Herb Rothschild Jr.: Judging historic figures
In "The Whig Interpretation of History" (1931), Herbert Butterfield asserted that “The study of the past with one eye, so to speak, upon the present is the source of all sins and sophistries of history.” In the Dec. 17, 2015 New York Review of Books, Nobel Laureate physicist Steven Weinberg defended his recent history of modern science from the charge of Whiggism by arguing that past scientific work must in part be judged by present standards because the goal of science is the right understanding of the natural world, which is a progressive enterprise. But he added that, because it is progressive, we mustn’t fault scientists of the past for lacking our present knowledge.
What about moral, not scientific, understanding? Should we judge the moral values of earlier times by those of our own? And should we fault people of earlier times for beliefs that seem wrong to us?
These questions are prompted by the highly publicized demand of black students at Princeton that it should remove Woodrow Wilson’s name from its School of Public and International Affairs. There’s been a similar demand that the University of Oregon remove Matthew Deady’s name from the oldest campus building.
One issue these demands entail is whether morality is a cultural construct and thus relative, or whether, like science, morality is an effort to discover abiding, and thus transcultural truths. So large is this issue that I’ll just state my position on it without explanation so I can move on to a second issue more narrowly relevant to the current controversies.
I don’t think that morals, like manners, are merely relative. No one would attempt to justify setting one’s sister’s hair on fire. Nor can a society long cohere if it permits its members to kill each other with impunity. And I think there is a progressive aspect to moral understanding, though it’s more complex than it is with natural science. The quite recent global consensus that slavery is unacceptable strikes me as an instance of moral advance.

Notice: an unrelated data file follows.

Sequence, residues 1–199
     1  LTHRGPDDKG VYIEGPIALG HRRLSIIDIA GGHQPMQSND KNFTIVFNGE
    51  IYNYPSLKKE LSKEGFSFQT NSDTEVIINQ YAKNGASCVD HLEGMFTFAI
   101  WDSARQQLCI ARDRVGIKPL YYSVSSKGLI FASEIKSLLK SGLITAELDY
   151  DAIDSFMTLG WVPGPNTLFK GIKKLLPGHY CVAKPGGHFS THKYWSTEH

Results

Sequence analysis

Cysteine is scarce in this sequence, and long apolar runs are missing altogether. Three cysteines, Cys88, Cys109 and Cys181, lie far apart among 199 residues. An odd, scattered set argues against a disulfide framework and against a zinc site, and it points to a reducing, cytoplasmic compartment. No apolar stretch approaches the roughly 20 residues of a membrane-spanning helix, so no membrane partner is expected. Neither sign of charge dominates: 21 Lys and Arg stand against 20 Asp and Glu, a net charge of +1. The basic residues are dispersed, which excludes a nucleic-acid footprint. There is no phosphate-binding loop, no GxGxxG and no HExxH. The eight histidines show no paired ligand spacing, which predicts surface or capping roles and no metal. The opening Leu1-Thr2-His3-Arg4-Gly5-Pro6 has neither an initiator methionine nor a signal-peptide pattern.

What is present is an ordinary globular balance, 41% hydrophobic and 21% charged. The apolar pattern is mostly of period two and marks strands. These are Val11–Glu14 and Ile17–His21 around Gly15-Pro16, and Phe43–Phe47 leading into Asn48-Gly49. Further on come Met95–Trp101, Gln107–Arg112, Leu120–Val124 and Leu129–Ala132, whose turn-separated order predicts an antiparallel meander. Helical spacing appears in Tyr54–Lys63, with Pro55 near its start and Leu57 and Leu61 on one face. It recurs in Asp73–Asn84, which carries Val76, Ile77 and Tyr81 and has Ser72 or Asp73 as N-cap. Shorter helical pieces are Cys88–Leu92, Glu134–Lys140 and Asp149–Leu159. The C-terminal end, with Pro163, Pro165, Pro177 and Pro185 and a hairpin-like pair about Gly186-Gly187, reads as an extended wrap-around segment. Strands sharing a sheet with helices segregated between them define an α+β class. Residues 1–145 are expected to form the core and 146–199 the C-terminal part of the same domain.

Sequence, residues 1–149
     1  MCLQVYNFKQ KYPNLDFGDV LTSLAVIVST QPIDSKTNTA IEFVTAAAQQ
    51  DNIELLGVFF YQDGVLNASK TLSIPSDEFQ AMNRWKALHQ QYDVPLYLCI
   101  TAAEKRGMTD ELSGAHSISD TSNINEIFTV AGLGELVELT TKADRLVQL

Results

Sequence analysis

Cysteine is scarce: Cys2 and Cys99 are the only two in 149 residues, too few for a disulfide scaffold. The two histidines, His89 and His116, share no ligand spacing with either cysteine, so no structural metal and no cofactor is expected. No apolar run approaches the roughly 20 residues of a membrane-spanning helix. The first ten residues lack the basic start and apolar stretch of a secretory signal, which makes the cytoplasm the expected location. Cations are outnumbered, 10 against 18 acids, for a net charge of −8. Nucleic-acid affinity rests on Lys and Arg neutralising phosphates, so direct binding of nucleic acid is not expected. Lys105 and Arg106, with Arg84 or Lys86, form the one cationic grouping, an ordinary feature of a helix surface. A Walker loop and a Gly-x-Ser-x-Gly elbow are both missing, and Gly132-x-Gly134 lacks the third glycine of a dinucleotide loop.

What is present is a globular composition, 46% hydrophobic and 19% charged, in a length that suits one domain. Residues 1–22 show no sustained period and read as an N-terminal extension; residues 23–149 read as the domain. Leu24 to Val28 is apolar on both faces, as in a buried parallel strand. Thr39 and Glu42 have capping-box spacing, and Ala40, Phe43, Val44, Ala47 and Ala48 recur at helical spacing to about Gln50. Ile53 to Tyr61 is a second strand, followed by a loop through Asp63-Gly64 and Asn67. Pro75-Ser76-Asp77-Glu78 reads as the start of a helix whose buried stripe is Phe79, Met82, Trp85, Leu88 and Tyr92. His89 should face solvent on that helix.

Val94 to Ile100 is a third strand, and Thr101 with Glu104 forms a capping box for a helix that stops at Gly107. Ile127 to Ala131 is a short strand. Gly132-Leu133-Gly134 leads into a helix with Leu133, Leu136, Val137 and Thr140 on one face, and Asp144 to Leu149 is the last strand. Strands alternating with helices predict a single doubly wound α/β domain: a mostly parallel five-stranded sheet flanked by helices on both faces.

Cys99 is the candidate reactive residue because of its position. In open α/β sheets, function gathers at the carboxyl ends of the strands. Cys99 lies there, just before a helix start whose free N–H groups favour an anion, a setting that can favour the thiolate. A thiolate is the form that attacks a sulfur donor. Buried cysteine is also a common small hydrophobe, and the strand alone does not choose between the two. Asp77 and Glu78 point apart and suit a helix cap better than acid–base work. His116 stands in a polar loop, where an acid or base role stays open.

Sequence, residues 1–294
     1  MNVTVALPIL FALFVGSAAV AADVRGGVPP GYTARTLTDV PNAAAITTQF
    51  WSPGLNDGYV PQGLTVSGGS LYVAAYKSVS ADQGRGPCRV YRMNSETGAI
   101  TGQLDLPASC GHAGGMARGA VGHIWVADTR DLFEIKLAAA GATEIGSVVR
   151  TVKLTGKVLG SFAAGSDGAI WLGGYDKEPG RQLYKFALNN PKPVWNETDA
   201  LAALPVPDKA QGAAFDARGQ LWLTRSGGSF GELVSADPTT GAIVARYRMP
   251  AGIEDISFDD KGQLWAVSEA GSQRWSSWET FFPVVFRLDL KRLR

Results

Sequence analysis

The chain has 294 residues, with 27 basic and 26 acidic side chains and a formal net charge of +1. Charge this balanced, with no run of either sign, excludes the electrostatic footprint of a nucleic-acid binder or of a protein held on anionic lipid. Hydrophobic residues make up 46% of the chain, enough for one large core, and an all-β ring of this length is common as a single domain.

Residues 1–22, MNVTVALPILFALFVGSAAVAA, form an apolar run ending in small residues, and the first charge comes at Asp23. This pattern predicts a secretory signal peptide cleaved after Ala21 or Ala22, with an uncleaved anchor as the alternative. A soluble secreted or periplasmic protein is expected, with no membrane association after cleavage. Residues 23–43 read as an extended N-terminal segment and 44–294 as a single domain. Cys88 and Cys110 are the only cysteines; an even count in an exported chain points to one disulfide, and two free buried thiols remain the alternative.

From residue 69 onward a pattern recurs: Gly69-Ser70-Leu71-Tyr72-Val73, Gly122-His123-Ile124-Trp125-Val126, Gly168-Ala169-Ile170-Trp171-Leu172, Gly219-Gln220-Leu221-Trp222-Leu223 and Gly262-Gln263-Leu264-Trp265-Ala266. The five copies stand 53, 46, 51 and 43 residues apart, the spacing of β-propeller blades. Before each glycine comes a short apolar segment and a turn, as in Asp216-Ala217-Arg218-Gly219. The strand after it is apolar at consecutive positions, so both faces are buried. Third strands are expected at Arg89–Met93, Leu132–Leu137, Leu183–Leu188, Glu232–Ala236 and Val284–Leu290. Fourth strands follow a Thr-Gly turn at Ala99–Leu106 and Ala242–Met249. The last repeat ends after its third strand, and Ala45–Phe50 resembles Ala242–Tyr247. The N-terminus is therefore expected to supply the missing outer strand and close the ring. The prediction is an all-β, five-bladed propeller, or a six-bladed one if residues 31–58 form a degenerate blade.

If one disagrees with me — if one is a moral relativist — then it makes no sense to condemn Woodrow Wilson or Matthew Deady for having views on race that we find offensive. We wouldn’t honor that dimension of their lives, but it wouldn’t be an obstacle to our honoring them for achievements we admire.
But suppose we aren’t moral relativists? Even if we’re willing to excuse historical figures for having views we condemn but their contemporaries didn’t, it doesn’t settle the question of whether we should ignore that part of the historical record when deciding to honor them.
Making this decision — which the governing boards of Princeton and UO must now do — strikes me as a challenging task. I hope they won’t make it in sympathy with the black students’ claims that such names discomfort them. As I argued in my Nov. 20 column, universities shouldn’t try to make their students intellectually comfortable. If they did, the challenges to their curricula and their campus discourse would be endless and endlessly constrictive. Safe, yes; comfortable, no.
Ultimately, I think, these decisions must be made on an ad hominem basis, not on general principle. Did the person make a contribution to the university and/or the world large enough to outweigh the actions we disapprove of? If Mussolini actually did make the trains run on time, that would hardly tip the scales in his favor. With Woodrow Wilson and Matthew Deady, the calculations will not be as easy.
Herb Rothschild Jr. is chairman of the board of Peace House.